The jig is up

mackerelRichard Burgess, a groundfisherman in Gloucester, Massachusetts has an odd problem. Ordinarily, he’d be out on his boat with trawl and gill nets, catching pollock and hake–fish that are currently in abundant supply in the region, and which fetch high prices. But he isn’t out with trawl and gill nets. That’s because along with the glut of pollock they bring in, Burgess has to worry about catching too many cod. Burgess is currently among a small group of fishermen who are experimenting with electronic jigging–a new technology he hopes can help him target and catch specific, abundant species like pollock (though he is currently using it to target mackerel) and avoid catching protected species like cod. Read the story here Watch the video here 15:38

The “Proposed Permit Buy Back” – Disaster Relief That Eliminates More Jobs.

golden towersOH HELL NO. 12:31

NSC Pushes PERMIT Buy Back, Re Allocation?? Governor presses for fed fish aid

gdt icon966382_576848379002335_599159690_oPatrick’s letter comes to light on the same day as the Northeast Seafood Coalition’s final poll of its 300 members on the recommended industry spending plan and the final draft of the plan, both of which were forwarded to the New England congressional delegation and the fishery directors of the eligible states.  Read more here  11:31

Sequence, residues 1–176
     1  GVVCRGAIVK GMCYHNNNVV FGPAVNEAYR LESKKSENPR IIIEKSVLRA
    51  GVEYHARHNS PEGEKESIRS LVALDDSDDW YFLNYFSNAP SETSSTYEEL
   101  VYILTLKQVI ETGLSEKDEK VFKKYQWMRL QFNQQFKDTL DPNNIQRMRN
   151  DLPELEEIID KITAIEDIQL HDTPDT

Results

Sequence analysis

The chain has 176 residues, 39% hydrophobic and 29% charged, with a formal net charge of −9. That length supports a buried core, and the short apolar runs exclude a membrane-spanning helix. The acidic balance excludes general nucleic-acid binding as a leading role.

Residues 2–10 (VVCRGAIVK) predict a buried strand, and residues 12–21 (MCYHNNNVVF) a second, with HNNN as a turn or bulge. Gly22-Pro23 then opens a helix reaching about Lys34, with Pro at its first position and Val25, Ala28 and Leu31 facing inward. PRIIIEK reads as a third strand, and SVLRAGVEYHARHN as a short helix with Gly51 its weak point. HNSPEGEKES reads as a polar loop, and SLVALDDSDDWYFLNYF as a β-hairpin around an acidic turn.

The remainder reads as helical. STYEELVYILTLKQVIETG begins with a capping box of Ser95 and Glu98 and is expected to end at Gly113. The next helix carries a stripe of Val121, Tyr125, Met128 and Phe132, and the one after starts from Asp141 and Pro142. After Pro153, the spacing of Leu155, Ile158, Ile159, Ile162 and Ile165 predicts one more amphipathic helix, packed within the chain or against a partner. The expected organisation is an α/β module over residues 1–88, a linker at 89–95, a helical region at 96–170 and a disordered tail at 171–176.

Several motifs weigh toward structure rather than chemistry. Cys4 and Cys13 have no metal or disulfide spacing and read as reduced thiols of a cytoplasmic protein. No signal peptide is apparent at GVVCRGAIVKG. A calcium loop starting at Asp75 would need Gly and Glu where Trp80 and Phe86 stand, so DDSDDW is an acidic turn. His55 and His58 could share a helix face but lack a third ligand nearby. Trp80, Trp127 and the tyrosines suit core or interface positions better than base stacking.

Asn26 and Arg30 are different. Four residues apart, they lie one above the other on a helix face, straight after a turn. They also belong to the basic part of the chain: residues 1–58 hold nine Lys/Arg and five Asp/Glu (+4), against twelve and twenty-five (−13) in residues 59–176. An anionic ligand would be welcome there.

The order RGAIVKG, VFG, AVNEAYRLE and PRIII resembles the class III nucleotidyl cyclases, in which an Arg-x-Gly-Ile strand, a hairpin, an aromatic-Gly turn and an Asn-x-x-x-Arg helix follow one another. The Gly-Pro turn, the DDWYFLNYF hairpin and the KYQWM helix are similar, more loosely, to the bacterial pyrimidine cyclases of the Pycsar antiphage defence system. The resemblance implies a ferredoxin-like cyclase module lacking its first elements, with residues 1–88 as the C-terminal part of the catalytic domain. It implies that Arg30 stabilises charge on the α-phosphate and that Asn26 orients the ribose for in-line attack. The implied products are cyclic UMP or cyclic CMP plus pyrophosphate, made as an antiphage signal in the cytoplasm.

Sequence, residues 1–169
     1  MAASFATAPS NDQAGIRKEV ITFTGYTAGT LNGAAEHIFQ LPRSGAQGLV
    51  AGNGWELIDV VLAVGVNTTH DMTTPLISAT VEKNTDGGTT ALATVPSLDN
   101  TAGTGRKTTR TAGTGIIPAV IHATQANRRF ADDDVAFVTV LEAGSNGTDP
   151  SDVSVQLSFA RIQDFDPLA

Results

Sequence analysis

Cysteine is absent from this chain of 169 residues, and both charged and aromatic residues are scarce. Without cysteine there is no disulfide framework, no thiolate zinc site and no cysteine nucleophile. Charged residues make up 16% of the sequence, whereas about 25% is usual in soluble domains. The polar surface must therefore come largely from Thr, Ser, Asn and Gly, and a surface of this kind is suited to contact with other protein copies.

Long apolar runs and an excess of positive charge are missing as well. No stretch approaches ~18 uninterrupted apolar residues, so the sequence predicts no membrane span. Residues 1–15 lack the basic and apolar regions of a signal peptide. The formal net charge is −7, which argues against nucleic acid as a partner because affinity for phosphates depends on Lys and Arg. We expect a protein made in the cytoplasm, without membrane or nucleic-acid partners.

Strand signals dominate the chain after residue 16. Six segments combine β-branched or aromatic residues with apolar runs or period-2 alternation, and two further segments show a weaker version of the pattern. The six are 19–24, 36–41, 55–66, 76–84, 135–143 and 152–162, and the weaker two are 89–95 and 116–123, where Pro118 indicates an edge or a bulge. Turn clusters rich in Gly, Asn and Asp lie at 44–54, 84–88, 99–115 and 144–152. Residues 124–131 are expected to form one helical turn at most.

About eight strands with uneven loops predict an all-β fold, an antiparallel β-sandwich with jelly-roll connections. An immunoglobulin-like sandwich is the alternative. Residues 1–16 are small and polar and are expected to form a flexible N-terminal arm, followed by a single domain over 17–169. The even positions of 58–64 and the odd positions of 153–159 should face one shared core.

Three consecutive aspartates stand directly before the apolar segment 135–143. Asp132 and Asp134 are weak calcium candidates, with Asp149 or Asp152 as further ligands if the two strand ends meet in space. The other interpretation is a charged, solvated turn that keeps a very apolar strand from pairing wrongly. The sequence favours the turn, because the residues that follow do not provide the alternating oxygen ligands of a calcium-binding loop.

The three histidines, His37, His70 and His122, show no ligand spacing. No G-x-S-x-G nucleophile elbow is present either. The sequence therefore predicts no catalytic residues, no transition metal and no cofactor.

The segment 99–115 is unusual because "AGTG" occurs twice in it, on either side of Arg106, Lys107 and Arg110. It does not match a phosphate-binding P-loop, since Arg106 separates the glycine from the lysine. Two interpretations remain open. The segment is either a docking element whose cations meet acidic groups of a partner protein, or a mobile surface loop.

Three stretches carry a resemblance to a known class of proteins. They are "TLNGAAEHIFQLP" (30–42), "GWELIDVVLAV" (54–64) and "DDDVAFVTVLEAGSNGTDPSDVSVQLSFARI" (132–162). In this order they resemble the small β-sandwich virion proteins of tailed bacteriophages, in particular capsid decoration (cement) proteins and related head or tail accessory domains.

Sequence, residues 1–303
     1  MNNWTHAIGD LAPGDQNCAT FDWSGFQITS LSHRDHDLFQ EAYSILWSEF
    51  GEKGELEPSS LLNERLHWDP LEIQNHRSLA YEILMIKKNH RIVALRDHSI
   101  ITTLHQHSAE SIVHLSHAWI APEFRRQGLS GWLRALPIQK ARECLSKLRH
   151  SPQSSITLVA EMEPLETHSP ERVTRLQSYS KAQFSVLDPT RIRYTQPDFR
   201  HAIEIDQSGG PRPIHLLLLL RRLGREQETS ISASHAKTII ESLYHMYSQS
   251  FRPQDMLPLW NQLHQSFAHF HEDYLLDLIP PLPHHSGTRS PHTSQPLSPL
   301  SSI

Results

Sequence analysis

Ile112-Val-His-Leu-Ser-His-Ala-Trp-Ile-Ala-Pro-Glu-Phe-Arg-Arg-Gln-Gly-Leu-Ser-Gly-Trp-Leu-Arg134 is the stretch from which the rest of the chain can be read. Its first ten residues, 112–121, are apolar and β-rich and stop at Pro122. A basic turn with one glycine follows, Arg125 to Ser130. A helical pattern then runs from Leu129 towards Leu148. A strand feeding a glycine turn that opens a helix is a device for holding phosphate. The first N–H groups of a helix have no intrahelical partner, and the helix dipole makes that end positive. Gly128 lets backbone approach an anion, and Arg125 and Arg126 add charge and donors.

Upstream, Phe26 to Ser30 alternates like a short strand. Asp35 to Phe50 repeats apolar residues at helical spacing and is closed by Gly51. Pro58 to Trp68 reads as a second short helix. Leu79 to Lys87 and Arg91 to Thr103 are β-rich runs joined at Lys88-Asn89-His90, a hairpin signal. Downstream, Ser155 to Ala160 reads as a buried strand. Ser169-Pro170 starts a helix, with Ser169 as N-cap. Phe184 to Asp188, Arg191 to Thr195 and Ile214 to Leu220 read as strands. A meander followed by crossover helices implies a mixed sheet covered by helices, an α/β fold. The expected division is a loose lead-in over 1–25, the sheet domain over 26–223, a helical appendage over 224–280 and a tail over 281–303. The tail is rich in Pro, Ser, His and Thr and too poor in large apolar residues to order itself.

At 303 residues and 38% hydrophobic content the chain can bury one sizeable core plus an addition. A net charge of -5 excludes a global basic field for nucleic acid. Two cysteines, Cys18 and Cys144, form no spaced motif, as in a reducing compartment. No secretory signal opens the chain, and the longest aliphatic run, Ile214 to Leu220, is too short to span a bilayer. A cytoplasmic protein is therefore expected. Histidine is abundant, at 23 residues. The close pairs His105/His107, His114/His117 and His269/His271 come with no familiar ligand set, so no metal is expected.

Proposed NSC & Associates Groundfish Disaster Aid Spending Plan: My vote is NO – Dick Grachek Read more here

Proposed NSC & Associates Groundfish Disaster Aid Spending Plan: My vote is NO – Dick Grachek

Anne KathrynDear Dick, We need you to review and vote with a YES or NO on the consensus spending plan and respond to us in writing by 10 am on Monday March 17, 2014. If you vote NO – we would greatly appreciate a brief explanation.  Groundfish Disaster Aid Spending Plan here

My vote is NO.

It’s difficult to give a “brief” explanation because there are so many things so terribly wrong with this proposal.  In fact most of it is insulting and infuriating! First of all,,,  Read more here  19:02

 

Groundfish Disaster Aid Spending Plan: NSC, Assoc.Fisheries of Me., CCCFA and Maine Coast Fishermen’s Assoc.

This proposal is meant to accomplish the following: (1) Offer a regional spending plan to ensure consistency in the treatment of fishing businesses affected by the disaster. (2) Mitigate the economic injury incurred to those commercial fishing businesses that have been impacted by the groundfish disaster. (3) Improve the future viability of the commercial groundfish fishery.  .  Read more here  02:27